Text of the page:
By Robert Shufflebotham
With the relentless advance of digital camera technology, many pro-level and some mid-range digital cameras now allow you to record images as “raw” files. But, do you need camera raw, and what are the advantages and implications if you decide to use it?
Most digital cameras use either CCD (charge-coupled device) or CMOS (complimentary metal oxide semiconductor) sensor technology to capture image data. Raw image files record the precise data captured by the photosensitive sensors of the camera without applying any of the processing that would be required to convert it into JPEG or TIFF file format.
Early digital cameras and most entry level digital cameras convert raw data into a format such as JPEG. This is done by the camera at time of capture by an in-built converter. Typically, this on-board camera processing calculates settings for white balance, gamma correction, noise reduction, anti aliasing and sharpening together with colorimetric rendering. The image is also compressed using the JPEG algorithm.
JPEG compression has a significant disadvantage particularly where high quality, high resolution images are required. To compress image data, the JPEG compression algorithm averages out some of the color information with the potential loss of color values and detail. High JPEG compression settings can also introduce noticeable compression artifacts. These can be particularly visible along hard edges and in high contrast areas. Skin tones and gradients can also prove difficult for JPEG compression.
What is Raw ?
A raw file records the precise data captured by the sensors of the camera without any processing. Raw files consist of data recording color and luminosity values captured by the sensors and image metadata. Metadata is data about data. For example, raw files, as well as JPEG files, contain ExIF (Exchangeable Image Format) metadata which includes information such as camera model, shutter speed, aperture and focal length.
When you capture an image using your camera’s raw format it is only ISO speed, shutter speed and aperture that have an effect on the captured pixels. When you open the raw file using the Adobe Photoshop CS2 Camera Raw dialog box you can control settings for white point, colorimetric rendering, noise reduction sharpening and so on.
In Photoshop CS2, use Adobe Bridge to locate raw image files downloaded to your computer. (See Chapter 3, Opening and Saving Files in Photoshop CS2 in easy steps, for further information on using Adobe Bridge.) Double-click a raw file thumbnail to open the image in the Camera Raw dialog box. Create the settings you require, then click the Open button to convert the image to an RGB image for use in Photoshop.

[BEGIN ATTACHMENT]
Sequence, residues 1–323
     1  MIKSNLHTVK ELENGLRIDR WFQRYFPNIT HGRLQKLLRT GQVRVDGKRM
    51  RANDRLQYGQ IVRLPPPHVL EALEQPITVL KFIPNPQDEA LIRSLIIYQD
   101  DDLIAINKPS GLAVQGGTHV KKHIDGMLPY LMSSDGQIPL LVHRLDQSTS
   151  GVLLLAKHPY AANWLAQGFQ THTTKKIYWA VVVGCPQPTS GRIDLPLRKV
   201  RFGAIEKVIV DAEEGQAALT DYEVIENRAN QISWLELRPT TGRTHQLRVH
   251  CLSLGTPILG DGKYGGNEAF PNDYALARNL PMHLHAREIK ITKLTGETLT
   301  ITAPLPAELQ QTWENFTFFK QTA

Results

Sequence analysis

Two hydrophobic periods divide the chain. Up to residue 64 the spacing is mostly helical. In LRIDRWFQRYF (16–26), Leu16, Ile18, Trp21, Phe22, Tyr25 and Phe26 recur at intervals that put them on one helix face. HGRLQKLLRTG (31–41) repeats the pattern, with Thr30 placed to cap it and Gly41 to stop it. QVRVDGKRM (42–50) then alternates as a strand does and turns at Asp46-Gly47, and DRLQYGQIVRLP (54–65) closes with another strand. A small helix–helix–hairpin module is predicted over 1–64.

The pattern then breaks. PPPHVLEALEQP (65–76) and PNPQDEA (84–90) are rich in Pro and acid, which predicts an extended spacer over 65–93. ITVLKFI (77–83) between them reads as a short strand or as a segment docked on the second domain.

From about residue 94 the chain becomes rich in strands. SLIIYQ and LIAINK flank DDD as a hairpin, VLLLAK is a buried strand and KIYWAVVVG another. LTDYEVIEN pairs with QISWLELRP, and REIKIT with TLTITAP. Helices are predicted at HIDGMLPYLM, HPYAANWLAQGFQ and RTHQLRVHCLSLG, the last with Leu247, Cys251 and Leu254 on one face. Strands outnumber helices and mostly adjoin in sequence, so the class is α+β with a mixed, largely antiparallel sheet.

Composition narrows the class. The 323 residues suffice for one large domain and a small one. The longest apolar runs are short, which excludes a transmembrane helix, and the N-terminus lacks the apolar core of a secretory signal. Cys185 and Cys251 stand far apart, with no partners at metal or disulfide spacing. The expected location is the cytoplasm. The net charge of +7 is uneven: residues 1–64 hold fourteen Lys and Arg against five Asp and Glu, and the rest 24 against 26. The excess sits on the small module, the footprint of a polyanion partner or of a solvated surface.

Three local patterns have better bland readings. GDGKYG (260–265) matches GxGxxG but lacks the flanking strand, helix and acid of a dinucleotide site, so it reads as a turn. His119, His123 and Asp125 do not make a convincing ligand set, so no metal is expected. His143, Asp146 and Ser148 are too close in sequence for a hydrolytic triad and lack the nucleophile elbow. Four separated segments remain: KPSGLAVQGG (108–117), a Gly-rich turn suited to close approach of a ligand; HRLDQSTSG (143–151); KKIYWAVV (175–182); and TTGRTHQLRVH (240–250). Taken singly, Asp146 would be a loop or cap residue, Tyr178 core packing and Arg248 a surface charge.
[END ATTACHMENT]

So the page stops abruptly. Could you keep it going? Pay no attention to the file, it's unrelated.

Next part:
For professional photographers a significant advantage of raw files is that the sensors on cameras capable of saving raw files can typically record data at at least 12 bits per channel (providing a possible 4096 shades per pixel). JPEG compression reduces color data it records to 8 bits per color channel.
This can become a significant disadvantage for many amateur users in that raw image files are considerably larger than files saved in other file formats – up to 5 or 6 six times greater than the equivalent JPEG. Capturing raw image data can dramatically reduce the number of images you can record to the camera’s storage card.
Camera Raw is a general term which encompasses a range of proprietary files formats from different camera manufacturers, such as Nikon’s .NEF, Olympus’ .ORF or Canon’s .CRW. The Photoshop Camera Raw plug-in for Photoshop CS, which allows you to open and process raw image files, was released in February 2003. An upgraded version supporting more cameras and with added functionality became available in Photoshop CS2.
Visit: www.adobe.com/products/photoshop/cameraraw.html for a complete list of supported cameras.
Digital Negative (DNG) Format
One of the issues surrounding raw file formats is that they are typically proprietary formats; belonging to the camera manufacturers and not publicly available. Understandably, camera manufacturers that spend large amounts of money on research and development are reluctant to divulge the exact technical details of their own raw file formats as this could prove costly and result in loss of competitive advantage.
The intention of Digital Negative (DNG), developed by Adobe as a file format for raw files, is to establish an open industry standard so that all camera manufactures can work to a common set of specifications which will ultimately benefit the entire industry and especially the end user.
Crucially, DNG has the potential to provide photographers with a format they can use to archive images, safe in the knowledge that they will be able to access these images in the future. This removes the reliance on a proprietary format that may, or may not, be supported in the future.
The success of DNG as an open standard would also make it much easier to transfer and share raw images in complex workflows and between photographers and agencies.
The core consideration, when deciding whether or not to capture images using raw data, is whether or not you want ultimate control over settings such as white balance, brightness and contrast, noise reduction, sharpening and color rendition and are prepared to take the time to make these decisions. The Camera Raw functionality in Adobe Photoshop CS2 gives you access to the set of tools you need if you decide to follow this route.
About the author
Robert Shufflebotham is a software training consultant with over 21 years experience of delivering software training. He trains on a regular basis for some of the largest and most prestigious magazine, book and newspaper publishers in the world. He also has a MA in Electronic Media.